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snow and a bike

Chris Cummins

fm4 happy end kalender

Happy End Kalender Day 17: Cycling in Winter

Cycling through the cold, bleak months is scientifically proven to make you happy; and more cycling means happier cities in general.

By Chris Cummins

We’ve heard some good Advent tips this December for our FM4 Happy End Kalender; and who am I to argue with the power of sex and chocolate? But today I want to take you out into the cold, fresh air in our search for a dose of happiness. I want to persuade you, if possible, to get on your bike and ride through the cold.

bike in the snow

Chris Cummins

I have some scientific studies to throw around; you are officially less likely to suffer from depression and officially more likely to feel cheerful if you keep riding through winter. I have this lovely link from the Wiener Zeitung, and, beyond all that, I also have the poetic power of my friend and bike-riding mentor; former professional Fritz ‘Magic’ Berein.

Happy Slappy

“It’s a special feeling when you ride in winter,” says the coach and mechanic. “I really like it because there is more space on the bike paths and it is a really unique atmosphere. The slap in the face from the cold wind has its delights.”

Magic and his bikes

chris cummins

There’s a serious point behind my pick for this FM4 Advent Kalender. I would dearly like to see more people on their bikes in winter because I believe, sincerely, that cities and towns and villages that rely more on active modes of transport will be healthier happier places in general.

Cheerful interaction not horn honking

On my daily ride, I share a smile and a nod with fellow cyclists. We’re not trapped in a steel cage we can interact without an angry horn. It can be a social form of transport.

The same is true of public transport but the added advantage of cycling is that the exercise demonstratively makes you feel better.

To help me persuade you of this I have enlisted the help of Vienna’s Radbeaufragter (I am going to translate that as cycling chief) Martin Blum: “The great joy is being outside and moving. Cycling produces happiness because your body produces happiness hormones and that makes you happy.”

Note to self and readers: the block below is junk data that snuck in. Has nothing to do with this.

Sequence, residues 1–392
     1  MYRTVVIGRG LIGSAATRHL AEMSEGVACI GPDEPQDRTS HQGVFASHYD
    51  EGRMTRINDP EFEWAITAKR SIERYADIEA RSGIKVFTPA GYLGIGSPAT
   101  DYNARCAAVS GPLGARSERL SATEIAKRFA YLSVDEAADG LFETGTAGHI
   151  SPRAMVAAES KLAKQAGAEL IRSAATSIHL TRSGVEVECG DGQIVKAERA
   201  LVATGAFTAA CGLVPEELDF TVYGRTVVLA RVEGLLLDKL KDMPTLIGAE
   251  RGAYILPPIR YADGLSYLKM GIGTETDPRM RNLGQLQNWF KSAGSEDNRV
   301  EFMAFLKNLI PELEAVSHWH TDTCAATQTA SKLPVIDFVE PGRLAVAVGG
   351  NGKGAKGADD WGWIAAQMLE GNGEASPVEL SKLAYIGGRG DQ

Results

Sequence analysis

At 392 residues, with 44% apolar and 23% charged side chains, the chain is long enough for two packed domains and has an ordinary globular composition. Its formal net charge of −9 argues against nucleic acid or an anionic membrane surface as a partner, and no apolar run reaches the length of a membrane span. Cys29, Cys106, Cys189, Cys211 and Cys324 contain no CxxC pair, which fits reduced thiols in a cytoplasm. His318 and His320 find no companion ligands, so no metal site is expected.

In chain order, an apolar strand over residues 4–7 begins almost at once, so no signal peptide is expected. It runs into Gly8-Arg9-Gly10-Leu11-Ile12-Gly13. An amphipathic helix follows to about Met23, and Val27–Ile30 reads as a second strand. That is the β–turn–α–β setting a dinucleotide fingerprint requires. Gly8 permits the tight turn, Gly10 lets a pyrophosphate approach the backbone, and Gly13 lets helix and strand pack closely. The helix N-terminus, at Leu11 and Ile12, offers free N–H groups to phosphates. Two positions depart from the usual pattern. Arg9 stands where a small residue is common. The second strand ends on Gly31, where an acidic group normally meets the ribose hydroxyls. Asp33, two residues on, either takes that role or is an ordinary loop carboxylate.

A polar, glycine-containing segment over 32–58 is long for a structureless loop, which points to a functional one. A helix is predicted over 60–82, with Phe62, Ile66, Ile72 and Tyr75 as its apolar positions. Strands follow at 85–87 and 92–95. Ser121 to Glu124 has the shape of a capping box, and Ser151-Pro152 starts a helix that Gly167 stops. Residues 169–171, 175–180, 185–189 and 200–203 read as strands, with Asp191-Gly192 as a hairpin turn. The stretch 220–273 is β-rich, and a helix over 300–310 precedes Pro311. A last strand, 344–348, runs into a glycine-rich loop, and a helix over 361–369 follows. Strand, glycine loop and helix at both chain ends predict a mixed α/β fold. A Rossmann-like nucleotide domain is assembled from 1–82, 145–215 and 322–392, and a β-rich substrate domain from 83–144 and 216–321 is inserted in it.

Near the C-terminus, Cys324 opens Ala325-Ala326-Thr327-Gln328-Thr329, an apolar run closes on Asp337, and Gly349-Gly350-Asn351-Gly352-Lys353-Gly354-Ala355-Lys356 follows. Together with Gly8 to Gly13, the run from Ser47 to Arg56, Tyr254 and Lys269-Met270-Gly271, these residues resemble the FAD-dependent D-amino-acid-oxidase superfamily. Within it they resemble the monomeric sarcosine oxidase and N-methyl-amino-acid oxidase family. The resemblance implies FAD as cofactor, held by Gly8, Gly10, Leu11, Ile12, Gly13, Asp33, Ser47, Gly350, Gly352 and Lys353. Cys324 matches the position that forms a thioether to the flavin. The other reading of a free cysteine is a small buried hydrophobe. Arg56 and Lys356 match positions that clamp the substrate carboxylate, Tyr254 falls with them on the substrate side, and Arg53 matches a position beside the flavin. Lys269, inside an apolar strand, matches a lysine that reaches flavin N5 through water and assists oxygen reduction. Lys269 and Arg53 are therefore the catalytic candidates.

Martin at the Danube

Chris Cummins

Martin is referring to a series of studies, including the one from the American College of Sports Medicinethat show cycling leads to a heightened production of chemicals in the brain that help to keep you happy, such as serotonin, dopamine and the scrabble-winning phenylthylamine. So throw away your doubts, put on your gloves and ride that bike!

It also helps wake me up. We have a little baby now and so sleep is not the uninterrupted bliss it used to be. To be honest, in the mornings, after an early session of bouncing Little C on my knee, I can feel fairly comatose.

As soon as I get pedaling, however, the blast of fresh air feels like a jolt of caffeine and by the time I turn up to our Reality Checkeditorial morning meetings, flushed-pink in the face and carrying the first of my morning snacks (yes, cyclists can eat more cookies) I feel fully alert and ready to tackle the fallout of whatever Trump has tweeted.

Lots of layers and keep your ears warm

When the wind is whipping around outside it can be a battle to persuade yourself to pedal through to the winter streets but once you’re on the bike, says Martin, you rarely regret it. “You feel great and you can enjoy the winter city.”

The key is to wear the right clothes; Martin recommends lots of layers. You’ll build up a nice bit of warmth through the cycling itself, so the main areas to cover are won’t warm themselves through exertion, your hands, your feet, your neck and your ears. I wear one of those thin cross-country skiing beanie hats under my helmet.

Der FM4 Happy End Kalender

Wir sind 24 Tage lang dem Glück auf der Spur und testen uns von 1. bis 24. Dezember durch diverse Glücksversprechungen: von der Tageslichtlampe über verschiedene Apps bis hin zu Sex.

Alle Tage, alle Türchen

Bike coach Magic Berein is also keen to remind us that it is important to be easily visible for over road-users in the late dawn and early dusk period. You need good lights; you need to make sure the batteries are loaded and, if possible, you might want to think about bright clothing.

As for your bike, you might want to give your chain an extra drop of oil and a little clean occasionally since the combination of wet roads and corrosive road-salt takes its toll.

That said, Martin Blum is keen that we don’t get too bogged down in the details. To ride your bike in winter you just have to, well, get on and start pedaling. “It is possible to cycle in winter and it is a positive feeling. This is what we want to support: cycling is an everyday mode of transport and not just something for when the days are warm and sunny.”